Doctor insights on:
Can Getting A Pancreas Transplant Solve The Problem Of Pancreatic Cancer
Transplant for ca: No. Pancreas transplantation is for type 1 dm, usually with a kidney transplant.. If you have pancreas cancer and are a candidate for resection, then this can be accomplished and the pancreas does not need to be replaced. The last thing you would want while dealing with a pancreas cancer is the requirement for immunosuppression, which would encourage cancer growth. ...Read moreSee 3 more doctor answers
Cancer is a group of diseases that is characterized by uncontrolled cell growth leading to invasion of surrounding tissues that spread to other parts of the body. Cancer can begin anywhere in the body and is usually related to one or more genetic mutations that allow normal cells to become malignant by interfering with internal cellular control mechanisms, such as programmed cell death or by preventing ...Read more
They don't work: Pancreas transplants aren't used to treat pancreatic cancer. Although it seems like it might work, it doesn't. Why? When pancreatic cancer is diagnosed, cancer cells have usually spread to other places in the body, like seeds that have dispersed. Pancreas transplants are used for people with diabetes, but not as a treatment for pancreatic cancer. We need better treatments for pancreatic cancer! ...Read moreSee 2 more doctor answers
First an evaluation: Call one of the local transplant centers in your location and make an appointment to be evaluated. You can contact the american society of transplant surgeons for a center in your area. Not every diabetic is a good candidate for the procedure and you will need careful evaluation and discussion of benefits and risks. ...Read more
Panc tx alone: The majority of recipients get a kidney either simultaneously or before a pancreas transplant, but there is a group that get just a pancreas. Usually for very brittle, potentially life threatening dm1, almost always with hypoglycemia unawareness and frequent emt or er visits. Also well described following total pancreatecomy for non-malignant disease. ...Read moreSee 4 more doctor answers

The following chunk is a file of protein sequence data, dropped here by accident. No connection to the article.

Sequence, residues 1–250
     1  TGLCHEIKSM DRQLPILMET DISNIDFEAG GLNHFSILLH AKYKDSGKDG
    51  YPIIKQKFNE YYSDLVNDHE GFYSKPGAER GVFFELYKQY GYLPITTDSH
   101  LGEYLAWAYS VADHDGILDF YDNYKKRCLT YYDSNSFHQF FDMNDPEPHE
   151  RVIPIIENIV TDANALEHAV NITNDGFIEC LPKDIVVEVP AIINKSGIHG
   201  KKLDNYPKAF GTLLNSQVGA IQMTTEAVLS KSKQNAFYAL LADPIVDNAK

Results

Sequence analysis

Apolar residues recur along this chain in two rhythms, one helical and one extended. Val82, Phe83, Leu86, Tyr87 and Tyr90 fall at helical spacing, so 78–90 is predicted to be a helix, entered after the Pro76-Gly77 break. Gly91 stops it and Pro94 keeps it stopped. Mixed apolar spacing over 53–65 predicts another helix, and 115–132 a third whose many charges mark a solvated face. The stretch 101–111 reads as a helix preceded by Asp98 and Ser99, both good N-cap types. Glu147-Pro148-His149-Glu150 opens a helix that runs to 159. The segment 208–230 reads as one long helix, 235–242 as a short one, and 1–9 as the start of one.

For what reasons won't a doctor attempt a liver transplant in a stage IV pancreatic cancer patient?
Problematic: Generally if pancreas cancer has traveled to the liver, then there is too much disease to expect benefit of a liver transplant. If the original cancer in the pancreas is still present, then the liver transplant will not help. Medications to lower the immune system to allow for an organ transplant will also cause cancer in other sites (such as in the pancreas) to rapidly grow further. ...Read more
Pancreas transplant: There are two common indications for a pancreas transplant: 1. A commitment to lifelong immunosuppresion for another organ transplant in a type 1 diabetic (usually a kidney for diabetic nephrology, but liver and lung have been done as well) or 2. Very poorly controlled type 1 diabetes despite optimized medical care. This usually requires documented episodes of hypoglycemia unawareness. ...Read moreSee 3 more doctor answers
Catch 22 answer: With successful transplantation and a robust recipient, there should not be any left over disability. The patient should be capable of working within approximately 2-3 months. But many diabetics who need these transplants have serious visual and foot problems that cause permanent disabilities. When possible, the point of transplant is full return to all of life. The judgement is made individually. ...Read more
Call local center: There are two common indications for a pancreas transplant: 1. A commitment to lifelong immunosuppresion for another organ transplant in a type 1 diabetic (usually a kidney for diabetic nephrology, but liver and lung have been done as well) or 2. Very poorly controlled type 1 diabetes despite optimized medical care. This usually requires documented episodes of hypoglycemia unawareness. ...Read moreSee 2 more doctor answers
Toned down: 1st of all, the quality of life and overall health of most pancreatic transplant patients are dramatically better than their pre transplant state. That being said, unless you have a perfect match, immuno suppressants are needed for you to live with the transplanted organ. Your immunity will not be optimal but should be manageable if you take proper precautioins. ...Read moreSee 1 more doctor answer
When would you recommend an islet cell transplant? Why would a patient be given an entire pancreas transplant?
DEPEND ON THE PATIEN: ISLET CELL TRAMSPLANT INDICATIO VARRIED, AND PATIENT SELECTION DECIDED BY A SPECIALIST. PANCRATIC TRAMSPLANT FIRST REQURED EITHER LIVE DONOR FOR PARTIAL PANCRAS TRANSPLANT OR A CADAVRE DONOR FOR A FULL TRANSPLANT, THE NUMBER OF AVAILBLE ORGAN VERY LIMITED COMARING TO THE NEED, SURGERY IS VERY COMPLEX FOR LIVE DONOR AND CARRY SIGNIFUCANT RISK TO THE DONOR AND RECIPIENT.AND REJECTION IS MUCH HIGHER. ...Read more
In medicine: a transfer from one body or body part to another of an organ (liver, heart, lung, kidney, pancreas bowel) or tissue (hand, face, hair). The immune system fights foreign invaders (like infections) so it will reject transplants from other people (allotransplants) because they look like infections. So transplants usually require drugs to ...Read more
Type 1 diabetics do not make insulin, but if they get a transplant, the new pancreas would make Insulin and the sugars would be normal. It is like having a biologic Insulin pump that works perfectly. It is not a cure, but it is currently the most effective treatment available. The downside: it involves a big operation, lifelong immunosuppresion and is only ...Read more
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